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Many Faces to Industry

by Robert Antonio

 

"Recommendation 2. Enact legislation to eliminate inconsistencies in the two primary procurement statutes by consolidating the two statutes and thus provide a common statutory basis for procurement policies and procedures applicable to all executive agencies."

Commission on Government Procurement
December 31, 1972

The Commission on Government Procurement was created by Public Law 91-129 to conduct a systematic review of federal procurement. On December 31, 1972, the Commission issued its multi-volume report which made numerous recommendations. The second of those recommendations appears above. As we all know, that recommendation was never adopted. There continues to be differences between the two basic guiding pieces of procurement legislation—the Armed Services Procurement Act of 1947 and the Federal Property and Administrative Services Act of 1949. However, this article is not concerned with the differences between the major contracting laws. Rather, it briefly looks at two recent pieces of legislation that are a bit off the beaten path of mainstream procurement. These pieces of legislation, and others like them, are providing industry with multiple faces from the federal government in the award of federal contracts.

The National Parks Omnibus Management Act of 1998.

The first piece of legislation is the National Parks Omnibus Management Act of 1998 1. Title IV of the Act deals with National Park Service Concessions Management contracts. Concession management contracts are awarded to provide accommodations, facilities, and services to visitors to the National Parks. In total, these contracts approach $800 million in annual revenues. This is not an insignificant program. Since these contracts do not involve appropriated funds they are not part of mainstream federal procurement. However, some concessions contracts managed by other agencies fall under the provisions of mainstream procurement. So industry may need to follow at least two different procedures to submit offers for similar needs of the federal government.

There are some differences in procedure between the legislation authorizing the National Park program and mainstream procurement. For example, under the Office of Federal Procurement Policy Act (41 U.S.C. 416), procurement notices for mainstream procurement are submitted to the Commerce Business Daily (CBD). Specific time requirements are provided that cover the time between publication in the CBD and release of the solicitation. Under the National Park program legislation, notice is published "at least once in local or national newspapers or trade publications, and/or the Commerce Business Daily, as appropriate . . . ." However, there are no time requirements provided that cover the period from the time between the notice and the issuance of the National Park program solicitation. So there will probably be differences in the time provided under mainstream procurement and the National Park program.

Before going any further, I must correct a slight error in the previous paragraph. I referred to the document to solicit offers under the National Park program as a solicitation. That is how it is identified under the Office of Federal Procurement Policy Act. However, under the National Park program legislation, the document used to solicit offers is identified as a "prospectus." If industry submits an offer under the National Park program it is a response to a prospectus while under mainstream procurement it is a solicitation. Yes, this is a minor difference. However, is it a necessity?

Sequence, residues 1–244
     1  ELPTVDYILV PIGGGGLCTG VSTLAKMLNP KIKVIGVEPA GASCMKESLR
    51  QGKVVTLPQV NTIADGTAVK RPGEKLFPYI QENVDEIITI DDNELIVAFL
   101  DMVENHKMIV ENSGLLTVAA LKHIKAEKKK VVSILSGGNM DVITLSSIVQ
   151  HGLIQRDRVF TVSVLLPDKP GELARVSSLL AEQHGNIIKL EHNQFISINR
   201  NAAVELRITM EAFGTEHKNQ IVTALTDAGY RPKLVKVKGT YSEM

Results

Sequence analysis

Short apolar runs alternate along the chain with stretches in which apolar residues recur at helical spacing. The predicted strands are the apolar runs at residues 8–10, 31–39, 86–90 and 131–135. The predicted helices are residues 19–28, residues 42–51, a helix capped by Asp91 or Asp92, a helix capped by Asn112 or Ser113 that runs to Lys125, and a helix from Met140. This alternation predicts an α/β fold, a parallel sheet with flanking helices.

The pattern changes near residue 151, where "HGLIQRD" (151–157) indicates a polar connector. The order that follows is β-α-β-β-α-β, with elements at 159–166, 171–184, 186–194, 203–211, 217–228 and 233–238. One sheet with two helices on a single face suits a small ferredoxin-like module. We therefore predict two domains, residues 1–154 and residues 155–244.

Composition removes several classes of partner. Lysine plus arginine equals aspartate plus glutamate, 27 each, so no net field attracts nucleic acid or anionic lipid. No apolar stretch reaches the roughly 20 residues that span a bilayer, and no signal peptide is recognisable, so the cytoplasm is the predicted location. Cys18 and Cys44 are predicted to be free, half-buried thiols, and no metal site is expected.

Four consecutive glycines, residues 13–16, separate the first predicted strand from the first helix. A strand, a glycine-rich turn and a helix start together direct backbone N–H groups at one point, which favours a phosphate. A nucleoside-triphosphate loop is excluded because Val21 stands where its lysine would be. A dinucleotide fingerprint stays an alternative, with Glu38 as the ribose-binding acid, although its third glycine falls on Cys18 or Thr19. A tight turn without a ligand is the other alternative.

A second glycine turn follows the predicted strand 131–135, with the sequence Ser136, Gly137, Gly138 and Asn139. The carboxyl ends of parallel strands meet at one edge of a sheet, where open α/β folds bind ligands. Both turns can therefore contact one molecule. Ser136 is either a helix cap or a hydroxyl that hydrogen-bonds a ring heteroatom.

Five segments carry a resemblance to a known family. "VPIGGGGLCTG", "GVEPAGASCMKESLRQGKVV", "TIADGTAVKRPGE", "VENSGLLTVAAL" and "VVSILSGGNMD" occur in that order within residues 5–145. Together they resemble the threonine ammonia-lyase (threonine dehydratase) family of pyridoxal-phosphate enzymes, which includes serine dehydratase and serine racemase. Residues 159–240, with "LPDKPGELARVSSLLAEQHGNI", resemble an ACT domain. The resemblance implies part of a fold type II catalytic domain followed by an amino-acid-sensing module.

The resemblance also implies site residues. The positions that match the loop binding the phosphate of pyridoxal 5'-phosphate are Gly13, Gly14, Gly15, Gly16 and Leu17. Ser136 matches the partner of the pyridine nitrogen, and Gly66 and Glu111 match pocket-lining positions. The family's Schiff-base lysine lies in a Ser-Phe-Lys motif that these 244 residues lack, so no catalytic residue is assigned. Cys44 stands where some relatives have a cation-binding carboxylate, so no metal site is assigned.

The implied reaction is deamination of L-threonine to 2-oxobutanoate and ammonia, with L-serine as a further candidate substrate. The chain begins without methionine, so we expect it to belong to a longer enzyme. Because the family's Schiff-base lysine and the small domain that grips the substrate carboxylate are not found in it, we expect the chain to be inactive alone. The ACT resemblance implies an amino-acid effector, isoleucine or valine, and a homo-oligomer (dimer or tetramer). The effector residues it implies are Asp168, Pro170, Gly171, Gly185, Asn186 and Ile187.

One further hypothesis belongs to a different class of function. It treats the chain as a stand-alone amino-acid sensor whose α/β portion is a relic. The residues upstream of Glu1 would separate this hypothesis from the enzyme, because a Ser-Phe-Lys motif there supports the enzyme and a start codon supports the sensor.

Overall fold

What about the listing of selection criteria in the National Park program prospectus versus the selection criteria under a mainstream solicitation? Both the National Park program legislation and mainstream procurement law discuss the description of the selection criteria. For example, under a mainstream procurement for competitive proposals, the solicitation "shall clearly establish the relative importance assigned to the evaluation factors and subfactors . . . ." (10 U.S.C.2305 (a) (3) and 41 U.S.C. 253a (c)) Under the National Park program legislation, "The prospectus shall include . . . A statement as to the weight to be given to each selection factor identified in the prospectus and the relative importance of such factors in the selection process."  (Title IV Section 403).  The National Park program legislation is silent on subfactors. So, why the difference? Is it a necessity or simply an oversight?

National Defense Authorization Act for Fiscal Year 2000

The National Defense Authorization Act for Fiscal Year 2000 (S. 1059), which is currently with the President for signature, contains a provision for "best value contracting" in the TRICARE Program. This new legislation will require the award of contracts, in excess of $5,000,000, to offerors that provide the best value to the United States. Under the law, the procedures for this version of best value procurement will be "prescribed by the administering Secretaries." Don’t we already have procedures in mainstream procurement for best value determinations? Yes, they are used every day. However, now the administering Secretaries of the TRICARE program are to develop procedures for TRICARE procurements. Will they develop something new and different from mainstream procurement? Maybe, we will just have to wait and see.


1The National Parks Omnibus Management Act of 1998 signed into law as P. L. 105-391 on Nov. 13, 1998.

Copyright 2003 by Robert Antonio

 

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